WHEREAS, the Broward Mizell Family has been one of the most influential families in South Florida for over one hundred years, and these true pioneers have been on the cutting edge in helping to provide quality service in the areas of education, literacy, history, and health to the benefit of Broward County and its African American community; and

WHEREAS, the most intriguing and compelling aspect of the Mizell Family Legacy is the unique role that key individual members of this family played in serving the life stages of those in the community in the 20th Century; and

WHEREAS, in their heyday, it was said the Mizells served the community’s needs from “cradle to grave”: a Mizell would deliver your baby,
make sure that you got good schooling, take pictures of you and your family throughout your whole life, provide medical care when you got sick, help you fight for your equal rights, build your house, bury you when you died, and pray for you as well; and
WHEREAS, Isadore Mizell, Sr., patriarch, farmer, and carpenter, built the first school for “Colored” children before Blacks were even allowed to go to school, and before there was even a Broward County or a Broward County School System, and it was often said that he fed most of the African American population in Dania during the Depression from his vast farmland holdings, whether they had the money to pay for it or not; and

WHEREAS, Dr. Von D. Mizell, one of the first African American surgeons in the state of Florida, co-founded Provident Hospital, the first hospital for “Negroes” in the County before Blacks were allowed to receive medical treatment from other ‘Whites only’ area hospitals and which served the Black community with distinction for nearly 40 years before it was absorbed into the Broward County Health Delivery system; and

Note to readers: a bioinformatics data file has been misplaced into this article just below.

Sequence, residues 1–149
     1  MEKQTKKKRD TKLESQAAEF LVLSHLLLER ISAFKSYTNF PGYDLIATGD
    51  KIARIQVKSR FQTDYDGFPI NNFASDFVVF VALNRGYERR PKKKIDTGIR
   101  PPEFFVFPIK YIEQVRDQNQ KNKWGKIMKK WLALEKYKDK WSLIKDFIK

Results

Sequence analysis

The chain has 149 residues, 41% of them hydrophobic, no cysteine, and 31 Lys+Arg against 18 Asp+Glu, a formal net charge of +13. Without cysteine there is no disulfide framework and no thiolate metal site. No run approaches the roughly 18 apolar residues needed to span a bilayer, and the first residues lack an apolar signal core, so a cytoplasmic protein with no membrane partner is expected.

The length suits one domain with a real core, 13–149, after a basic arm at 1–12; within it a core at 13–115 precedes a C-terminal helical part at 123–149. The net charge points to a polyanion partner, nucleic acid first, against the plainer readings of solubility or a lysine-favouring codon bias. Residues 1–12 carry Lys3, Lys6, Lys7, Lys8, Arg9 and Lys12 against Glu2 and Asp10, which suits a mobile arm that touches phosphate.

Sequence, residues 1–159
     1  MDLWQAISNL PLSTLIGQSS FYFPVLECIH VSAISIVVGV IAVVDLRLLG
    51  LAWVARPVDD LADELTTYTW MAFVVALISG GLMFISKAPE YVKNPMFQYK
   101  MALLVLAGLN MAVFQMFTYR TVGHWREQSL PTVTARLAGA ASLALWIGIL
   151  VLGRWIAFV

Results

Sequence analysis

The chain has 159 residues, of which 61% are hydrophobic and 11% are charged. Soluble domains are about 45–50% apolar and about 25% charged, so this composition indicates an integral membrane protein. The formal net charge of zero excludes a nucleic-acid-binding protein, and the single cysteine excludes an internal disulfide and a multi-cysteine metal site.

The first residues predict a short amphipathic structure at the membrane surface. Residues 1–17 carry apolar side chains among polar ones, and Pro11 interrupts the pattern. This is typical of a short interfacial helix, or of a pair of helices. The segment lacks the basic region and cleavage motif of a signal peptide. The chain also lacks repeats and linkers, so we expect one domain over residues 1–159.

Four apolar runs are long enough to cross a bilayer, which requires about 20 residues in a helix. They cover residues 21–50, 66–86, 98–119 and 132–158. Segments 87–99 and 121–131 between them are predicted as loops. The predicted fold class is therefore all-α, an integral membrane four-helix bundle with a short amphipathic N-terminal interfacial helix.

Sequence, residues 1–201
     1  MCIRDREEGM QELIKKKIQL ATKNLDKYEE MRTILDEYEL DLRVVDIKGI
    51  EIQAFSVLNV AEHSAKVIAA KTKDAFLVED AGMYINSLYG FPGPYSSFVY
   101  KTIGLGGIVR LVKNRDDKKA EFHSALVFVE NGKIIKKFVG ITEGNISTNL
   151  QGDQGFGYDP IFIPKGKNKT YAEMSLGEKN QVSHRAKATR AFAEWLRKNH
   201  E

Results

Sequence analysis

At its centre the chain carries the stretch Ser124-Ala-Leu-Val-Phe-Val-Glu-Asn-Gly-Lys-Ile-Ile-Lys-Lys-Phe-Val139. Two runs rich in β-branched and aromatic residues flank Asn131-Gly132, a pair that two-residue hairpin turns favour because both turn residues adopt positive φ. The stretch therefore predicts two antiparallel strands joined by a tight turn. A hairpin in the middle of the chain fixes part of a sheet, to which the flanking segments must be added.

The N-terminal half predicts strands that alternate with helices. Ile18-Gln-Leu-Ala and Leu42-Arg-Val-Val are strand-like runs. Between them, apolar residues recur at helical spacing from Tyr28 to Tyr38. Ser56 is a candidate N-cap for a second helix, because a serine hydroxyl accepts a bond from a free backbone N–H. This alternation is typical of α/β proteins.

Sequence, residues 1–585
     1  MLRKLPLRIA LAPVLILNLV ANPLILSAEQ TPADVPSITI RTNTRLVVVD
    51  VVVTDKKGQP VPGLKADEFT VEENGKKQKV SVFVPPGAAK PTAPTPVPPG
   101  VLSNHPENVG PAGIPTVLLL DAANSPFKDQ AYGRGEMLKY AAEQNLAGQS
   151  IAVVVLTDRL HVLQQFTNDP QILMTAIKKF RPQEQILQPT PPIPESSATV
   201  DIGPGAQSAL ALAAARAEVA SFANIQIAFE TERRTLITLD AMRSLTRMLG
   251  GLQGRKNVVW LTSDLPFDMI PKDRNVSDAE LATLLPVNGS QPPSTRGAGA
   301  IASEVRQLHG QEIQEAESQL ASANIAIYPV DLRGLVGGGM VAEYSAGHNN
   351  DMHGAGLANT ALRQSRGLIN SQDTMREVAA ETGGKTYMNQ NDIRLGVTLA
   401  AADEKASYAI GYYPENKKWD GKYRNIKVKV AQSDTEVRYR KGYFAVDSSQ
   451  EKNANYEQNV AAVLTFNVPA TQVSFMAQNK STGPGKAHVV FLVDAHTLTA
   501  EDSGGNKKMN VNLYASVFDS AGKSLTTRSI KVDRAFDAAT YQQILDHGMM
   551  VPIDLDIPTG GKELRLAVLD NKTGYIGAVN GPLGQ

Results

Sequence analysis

WHEREAS, Dr. Mizell also was the founder of the Broward County NAACP, led the organization for over 25 years, and was active in the heart of the civil rights’ struggle which led to the nationally-renowned “Beach Wade-Ins” that desegregated Fort Lauderdale beaches. Dr. Von D. Mizell is considered one of the single most important and influential civic figures in Broward County in the entire 20th Century; and

WHEREAS, Reverend Ivory Mizell opened the first library for “Negroes” in a room at the Dixie Court Projects Administration Office Building,
and then in a separate building in 1948, before there was a Broward County library system; for over 40 years, he was renowned as the “Unofficial Town Chronicler” who documented the lives of individuals and families by taking photographs or filming birthday parties, graduations, proms, weddings, celebrations, and important community organization events; and his legacy has been carried forth by his daughter, Lorraine, with “Ivory’s TakeOut” business on Sistrunk Boulevard; and

WHEREAS, LeRoy Mizell, through Roy Mizell Funeral Home, handled the cessation of life affairs with dignity, class, and professionalism for four
decades, which is still a successful business operation on Sistrunk Boulevard; and

WHEREAS, Ethel Mizell Pappy was a distinguished educator in the public school system for four decades, and obtained a Master’s in Education from Columbia University in 1938, when Florida would not accept “Negroes” in its segregated institutions of higher education, and her daughter, Rosamond Pappy, was the first African American to integrate a school in Broward County history. Ethel is also responsible for having a portion of Dania Beach Boulevard named for her father, Isadore, because of his contribution to the founding and development of Dania, dating back to 1910, and for spearheading the drive to name an original branch of the main library for Dr. Von D. Mizell, on the site of the old Provident Hospital, which is now the location of the Dr. Von D. Mizell Center in Fort Lauderdale; NOW, THEREFORE,

That the Board hereby designates Saturday, July 31, 2010, as “MIZELL FAMILY LEGACY APPRECIATION DAY” in Broward County, Florida, thanks the Mizell family for its continuing leadership in advancing the rights and interests of African Americans in Broward County, for improving the lives of all Broward County residents, and welcomes the 42nd Biennial Mizell Reunion to Broward County.